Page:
ReviewRaw, honest, brave, and so, so freaking funny. I love her dedication to live happily, smack in the face of her demons that are working so hard to crush her. Recommended* to anyone with a mental illness, and to anyone who knows someone with a mental illness. You will recognize so much of yourself/your loved ones in these pages. These stories will inspire you to live fearlessly, weirdly, and furiously, but most importantly, to just live.

(*Unless you are sensitive to language, in which case I'd definitely skip this one. I also give caution to those who, like me, have a bizarrely strong dislike for taxidermy. I liked it anyway, but all the dead animals made me majorly cringe.)


Review in a GIF

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Bottom Line: I was so inspired by her commitment to be happy in spite of her mental illness (and maybe to spite her mental illness).  This book made me laugh and want to live more fully today.  To hell with mental illness.  That being said, I could have done without the taxidermy because gross.  And the level of crass was a bit much for my preference.




The Beauty of Darkness (The Remnant Chronicles #3 of 3) by Mary E. Pearson
Rating: 4.25 stars
Goodreads Rating: 4.25 stars
Source: Library
Buy the Book: Amazon
Summary: "Lia has survived Venda—but so has a great evil bent on the destruction of Morrighan. And only Lia can stop it.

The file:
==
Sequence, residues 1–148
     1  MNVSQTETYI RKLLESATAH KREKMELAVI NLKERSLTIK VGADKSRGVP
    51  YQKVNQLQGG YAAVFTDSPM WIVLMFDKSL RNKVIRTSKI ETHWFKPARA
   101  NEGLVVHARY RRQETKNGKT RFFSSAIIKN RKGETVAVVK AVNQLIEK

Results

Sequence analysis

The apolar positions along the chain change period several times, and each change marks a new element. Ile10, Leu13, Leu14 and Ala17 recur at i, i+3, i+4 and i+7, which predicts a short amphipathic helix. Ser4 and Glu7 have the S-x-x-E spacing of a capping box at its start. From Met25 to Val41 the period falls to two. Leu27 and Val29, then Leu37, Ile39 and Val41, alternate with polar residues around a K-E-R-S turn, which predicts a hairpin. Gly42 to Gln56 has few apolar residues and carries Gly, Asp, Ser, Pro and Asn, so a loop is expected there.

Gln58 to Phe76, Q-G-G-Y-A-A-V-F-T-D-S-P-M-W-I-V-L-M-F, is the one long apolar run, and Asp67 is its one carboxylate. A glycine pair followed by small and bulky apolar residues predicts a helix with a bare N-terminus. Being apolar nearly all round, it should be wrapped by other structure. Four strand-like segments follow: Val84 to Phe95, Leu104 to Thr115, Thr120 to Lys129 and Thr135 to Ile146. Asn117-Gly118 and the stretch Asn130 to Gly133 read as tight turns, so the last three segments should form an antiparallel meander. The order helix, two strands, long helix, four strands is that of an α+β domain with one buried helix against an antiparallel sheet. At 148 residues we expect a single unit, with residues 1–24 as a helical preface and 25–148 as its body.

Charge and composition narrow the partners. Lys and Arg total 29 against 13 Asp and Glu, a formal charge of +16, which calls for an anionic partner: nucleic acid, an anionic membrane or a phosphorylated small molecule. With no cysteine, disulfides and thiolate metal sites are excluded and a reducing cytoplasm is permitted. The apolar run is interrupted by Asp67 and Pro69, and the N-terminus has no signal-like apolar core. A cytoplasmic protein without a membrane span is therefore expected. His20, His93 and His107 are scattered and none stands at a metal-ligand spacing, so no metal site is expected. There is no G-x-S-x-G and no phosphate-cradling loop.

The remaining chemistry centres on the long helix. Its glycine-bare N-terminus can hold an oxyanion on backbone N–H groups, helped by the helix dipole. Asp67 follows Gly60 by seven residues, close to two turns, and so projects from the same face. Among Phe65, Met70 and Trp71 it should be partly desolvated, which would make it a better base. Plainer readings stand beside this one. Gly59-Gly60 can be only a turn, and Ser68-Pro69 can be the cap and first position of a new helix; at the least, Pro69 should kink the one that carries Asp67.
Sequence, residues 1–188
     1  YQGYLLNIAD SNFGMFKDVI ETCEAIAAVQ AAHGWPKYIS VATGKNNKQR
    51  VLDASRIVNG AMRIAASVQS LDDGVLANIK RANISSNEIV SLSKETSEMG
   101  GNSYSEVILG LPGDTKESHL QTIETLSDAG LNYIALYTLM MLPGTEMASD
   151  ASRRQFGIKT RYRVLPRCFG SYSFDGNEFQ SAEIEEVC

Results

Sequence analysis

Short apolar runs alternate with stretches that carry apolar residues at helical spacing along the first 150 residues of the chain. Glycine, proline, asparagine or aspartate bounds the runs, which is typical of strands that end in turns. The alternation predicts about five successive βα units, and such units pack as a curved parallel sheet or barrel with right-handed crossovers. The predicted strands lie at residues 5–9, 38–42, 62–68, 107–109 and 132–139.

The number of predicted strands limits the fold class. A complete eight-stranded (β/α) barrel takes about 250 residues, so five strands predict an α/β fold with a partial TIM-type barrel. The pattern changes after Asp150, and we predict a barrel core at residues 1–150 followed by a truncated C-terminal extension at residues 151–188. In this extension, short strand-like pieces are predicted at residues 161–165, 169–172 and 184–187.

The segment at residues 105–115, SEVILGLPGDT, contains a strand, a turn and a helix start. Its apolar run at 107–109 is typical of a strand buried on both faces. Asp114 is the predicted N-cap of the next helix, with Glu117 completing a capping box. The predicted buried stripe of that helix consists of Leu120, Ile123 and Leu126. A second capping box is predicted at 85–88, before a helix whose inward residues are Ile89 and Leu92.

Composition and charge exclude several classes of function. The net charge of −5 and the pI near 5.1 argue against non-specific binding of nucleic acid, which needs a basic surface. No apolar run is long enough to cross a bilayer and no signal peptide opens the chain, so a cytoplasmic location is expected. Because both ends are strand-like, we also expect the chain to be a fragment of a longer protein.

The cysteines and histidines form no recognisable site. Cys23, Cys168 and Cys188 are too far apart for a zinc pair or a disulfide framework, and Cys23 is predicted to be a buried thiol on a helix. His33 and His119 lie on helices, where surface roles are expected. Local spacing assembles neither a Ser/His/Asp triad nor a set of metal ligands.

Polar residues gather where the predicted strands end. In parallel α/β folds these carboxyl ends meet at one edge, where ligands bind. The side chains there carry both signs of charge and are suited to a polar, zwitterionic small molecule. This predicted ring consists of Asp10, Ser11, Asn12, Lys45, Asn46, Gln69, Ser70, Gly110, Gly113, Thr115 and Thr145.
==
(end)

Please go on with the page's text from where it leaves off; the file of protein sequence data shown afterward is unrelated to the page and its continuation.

With war on the horizon, Lia has no choice but to assume her role as First Daughter, as soldier—as leader. While she struggles to reach Morrighan and warn them, she finds herself at cross-purposes with Rafe and suspicious of Kaden, who has hunted her down.

In this conclusion to the Remnant Chronicles trilogy, traitors must be rooted out, sacrifices must be made, and impossible odds must be overcome as the future of every kingdom hangs in the balance."

ReviewI was happy with the way this series ended, but thought this book alone could have used a bit more of an individual arc. That being said, I was impressed with Lia's fortitude and resilience, and really came to like some of the minor characters too. The Komizar is really a fantastic villain, though this book in the series focuses more on some of the other minor villains.  The use of stories and traditions are really well done here.  And I loved the role of the "gift" in the story. I kind of wished I had read these books back to back because they build heavily on each other and don't you leave with with much breathing space. So the fact that I had forgotten a few things since I read the last book (a year ago) was problematic. But once I regained my footing I had a great time with this novel. It was a compelling story with a heroine you can really root for.